2018

MCHAP

The Bridge at Cornell Tech

Marion Weiss, Michael A Manfredi

New York, NY, USA

September 2017

PRIMARY AUTHOR

Marion Weiss, Michael A. Manfredi / WEISS/MANFREDI Architecture/Landscape/Urbanism

CONTRIBUTING AUTHOR

Thornton Tomasetti (Structural Engineer) Jaros, Baum & Bolles (MEP/FP Engineers) Heintges (Glazing) Renfro Design Group (Lighting) Turner Construction Company (General Contractor)

AUTHOR

Forest City Ratner Co

PHOTOGRAPHER

Iwan Baan Albert Vecerka

OBJECTIVE

CONTEXT

On Roosevelt Island, a development for the southern end of the island is unfolding, fusing entrepreneurial and academic ambitions within the form of a research campus. New York City has partnered with Cornell University and Israel’s Technion University to create “Cornell Tech,” a pioneering research initiative aimed at recasting New York as a global technology hub. This campus intends to forge connections between industry and academia, create technologies that will drive innovation for the digital age, while simultaneously defining Roosevelt Island as an engaging urban oasis within metropolitan New York. Cornell Tech selected Forest City to be its development partner, with WEISS/MANFREDI as the architects for The Bridge. The building is the embodiment of Cornell’s mission to bring together students, faculty, researchers, and industry to develop and bring groundbreaking research and technologies to market. The compact building footprint, and the campus itself, challenges the sprawl of Silicon Valley. By narrowing the physical distance between settings for research and innovation, the design supports Cornell Tech’s objective to fuse entrepreneurship and academia at the heart of New York City’s growing tech sector, concentrating in one 240,000 square foot building what has previously been distributed across 1,500-square-miles of Silicon Valley. Anticipating a new phase of public-private collaboration toward the creation of smarter and more livable urban environments, the campus adds another chapter to Roosevelt Island’s legacy of urban experimentation.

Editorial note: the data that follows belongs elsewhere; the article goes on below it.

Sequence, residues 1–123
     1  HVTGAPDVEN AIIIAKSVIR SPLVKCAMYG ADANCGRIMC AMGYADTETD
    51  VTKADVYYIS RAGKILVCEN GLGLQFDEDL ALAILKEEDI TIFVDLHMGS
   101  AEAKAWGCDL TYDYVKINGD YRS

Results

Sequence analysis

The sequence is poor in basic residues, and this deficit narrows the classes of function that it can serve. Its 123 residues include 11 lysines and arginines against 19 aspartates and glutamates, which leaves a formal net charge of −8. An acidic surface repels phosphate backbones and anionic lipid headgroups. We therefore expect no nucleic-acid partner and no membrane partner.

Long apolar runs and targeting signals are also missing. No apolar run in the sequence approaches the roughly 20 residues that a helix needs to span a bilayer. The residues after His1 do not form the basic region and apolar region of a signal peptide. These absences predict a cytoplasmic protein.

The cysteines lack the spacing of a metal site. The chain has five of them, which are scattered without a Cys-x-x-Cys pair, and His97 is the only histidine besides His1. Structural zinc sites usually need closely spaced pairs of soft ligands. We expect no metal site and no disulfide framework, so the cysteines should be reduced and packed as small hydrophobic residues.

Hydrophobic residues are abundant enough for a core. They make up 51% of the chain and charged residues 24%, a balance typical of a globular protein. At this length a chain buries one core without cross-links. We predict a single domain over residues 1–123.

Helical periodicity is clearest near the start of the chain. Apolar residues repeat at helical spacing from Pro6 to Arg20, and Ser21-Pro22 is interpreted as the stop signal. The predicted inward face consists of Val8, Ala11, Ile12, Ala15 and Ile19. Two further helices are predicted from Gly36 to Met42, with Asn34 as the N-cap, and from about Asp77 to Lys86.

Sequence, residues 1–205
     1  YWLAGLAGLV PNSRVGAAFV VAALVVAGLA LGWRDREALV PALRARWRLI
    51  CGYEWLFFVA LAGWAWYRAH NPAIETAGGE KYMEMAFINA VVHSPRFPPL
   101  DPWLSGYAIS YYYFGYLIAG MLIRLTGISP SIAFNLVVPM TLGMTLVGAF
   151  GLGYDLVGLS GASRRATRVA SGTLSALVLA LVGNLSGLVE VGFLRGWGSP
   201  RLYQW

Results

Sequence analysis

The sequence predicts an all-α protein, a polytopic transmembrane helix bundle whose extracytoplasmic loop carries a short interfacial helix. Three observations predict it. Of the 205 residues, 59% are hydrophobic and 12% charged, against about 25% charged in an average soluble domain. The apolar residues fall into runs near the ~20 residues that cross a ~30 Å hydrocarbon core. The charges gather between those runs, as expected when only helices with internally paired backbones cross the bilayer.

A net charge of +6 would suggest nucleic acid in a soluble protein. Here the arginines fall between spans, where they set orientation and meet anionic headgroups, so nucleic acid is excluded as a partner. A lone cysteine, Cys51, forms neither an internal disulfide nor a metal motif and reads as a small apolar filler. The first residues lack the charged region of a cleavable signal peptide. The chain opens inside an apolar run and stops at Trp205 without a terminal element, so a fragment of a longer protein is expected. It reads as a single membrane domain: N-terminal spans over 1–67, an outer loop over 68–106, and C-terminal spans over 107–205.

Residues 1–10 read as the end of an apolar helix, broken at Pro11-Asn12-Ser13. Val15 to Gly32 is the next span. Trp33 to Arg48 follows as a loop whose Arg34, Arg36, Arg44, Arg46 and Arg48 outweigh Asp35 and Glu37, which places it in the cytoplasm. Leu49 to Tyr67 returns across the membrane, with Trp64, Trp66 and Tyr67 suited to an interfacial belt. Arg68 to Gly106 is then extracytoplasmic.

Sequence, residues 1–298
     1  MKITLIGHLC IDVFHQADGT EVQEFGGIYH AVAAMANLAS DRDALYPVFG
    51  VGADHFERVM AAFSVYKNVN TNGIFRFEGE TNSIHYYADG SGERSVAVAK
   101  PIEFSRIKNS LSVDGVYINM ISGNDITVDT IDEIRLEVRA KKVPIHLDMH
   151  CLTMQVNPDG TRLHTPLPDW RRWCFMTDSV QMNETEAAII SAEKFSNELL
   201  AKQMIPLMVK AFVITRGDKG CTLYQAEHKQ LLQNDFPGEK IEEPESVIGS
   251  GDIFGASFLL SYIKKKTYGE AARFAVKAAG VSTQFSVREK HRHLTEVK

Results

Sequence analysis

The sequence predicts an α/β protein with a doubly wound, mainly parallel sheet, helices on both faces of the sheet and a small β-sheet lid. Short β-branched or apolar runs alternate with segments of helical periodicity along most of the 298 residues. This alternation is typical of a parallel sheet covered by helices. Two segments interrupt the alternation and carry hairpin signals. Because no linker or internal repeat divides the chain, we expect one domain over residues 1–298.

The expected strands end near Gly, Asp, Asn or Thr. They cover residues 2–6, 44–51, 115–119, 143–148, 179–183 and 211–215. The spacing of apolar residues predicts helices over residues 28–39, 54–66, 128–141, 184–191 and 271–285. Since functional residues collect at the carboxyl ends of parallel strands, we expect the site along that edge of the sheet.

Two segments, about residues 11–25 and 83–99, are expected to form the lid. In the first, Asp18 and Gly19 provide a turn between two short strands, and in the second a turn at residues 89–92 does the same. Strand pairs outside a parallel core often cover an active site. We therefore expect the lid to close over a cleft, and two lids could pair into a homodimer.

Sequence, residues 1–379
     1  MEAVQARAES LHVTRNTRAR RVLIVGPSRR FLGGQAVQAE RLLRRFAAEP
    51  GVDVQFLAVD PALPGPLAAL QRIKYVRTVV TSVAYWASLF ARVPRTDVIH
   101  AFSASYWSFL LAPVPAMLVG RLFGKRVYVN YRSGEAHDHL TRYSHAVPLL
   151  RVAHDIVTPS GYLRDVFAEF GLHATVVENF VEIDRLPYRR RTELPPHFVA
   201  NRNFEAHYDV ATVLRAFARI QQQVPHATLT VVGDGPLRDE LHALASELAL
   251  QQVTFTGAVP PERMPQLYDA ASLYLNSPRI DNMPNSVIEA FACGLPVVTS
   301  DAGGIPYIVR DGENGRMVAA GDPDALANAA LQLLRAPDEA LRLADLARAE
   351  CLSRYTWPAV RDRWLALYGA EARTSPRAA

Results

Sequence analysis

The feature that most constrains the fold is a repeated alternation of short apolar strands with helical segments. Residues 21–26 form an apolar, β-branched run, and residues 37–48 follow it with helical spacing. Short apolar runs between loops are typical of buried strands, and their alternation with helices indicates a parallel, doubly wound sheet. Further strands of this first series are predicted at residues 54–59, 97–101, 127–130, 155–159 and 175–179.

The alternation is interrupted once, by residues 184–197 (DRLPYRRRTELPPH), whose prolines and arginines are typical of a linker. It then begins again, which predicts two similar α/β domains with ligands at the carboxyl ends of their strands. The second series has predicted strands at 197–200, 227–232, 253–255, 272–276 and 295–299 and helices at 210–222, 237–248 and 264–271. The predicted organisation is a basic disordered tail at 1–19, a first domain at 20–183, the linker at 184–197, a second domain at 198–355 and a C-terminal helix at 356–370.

PERFORMANCE

The Bridge’s loft-like design fosters dialogues between Cornell’s disciplinary hubs and tech companies of all sizes in a shared environment designed to accelerate the development of new products and technologies by providing common, felxible spaces for both entrepreneurial research and academic inquiry. The building’s crystalline form frames river-to-river views and brings daylight to the center of the building. The 235,000-square-foot volume is divided into halves to maximize natural light and accommodate a high level of tenant flexibility. The large floor plates are supported by perimeter trusses, creating a nearly column free interior to accommodate a wide range of users while promoting an open, sustainable, and collaborative atmosphere. The trusses are also expressed on the building surface; while the exterior appears to be completely transparent, it is 60% opaque and 40% transparent—a ratio considered to be the ideal for energy efficiency. The Bridge is oriented to strengthen campus connections and frame panoramic vistas of the campus and city. The ground level atrium opens toward a series of public, landscaped terraces stepping toward the Campus Lawn. The two cantilevered wings shelter outdoor social spaces that activate the ground floor retail spaces and entry. Anticipating environmental challenges such as rising sea levels and increased flood risk, the building is designed for maximum resilience with an entry floor that rises above the 100-year flood plain. The silhouette of a rooftop photovoltaic canopy unifies the campus’ architectural expression and is an iconic signature of the Bridge’s commitment to sustainability.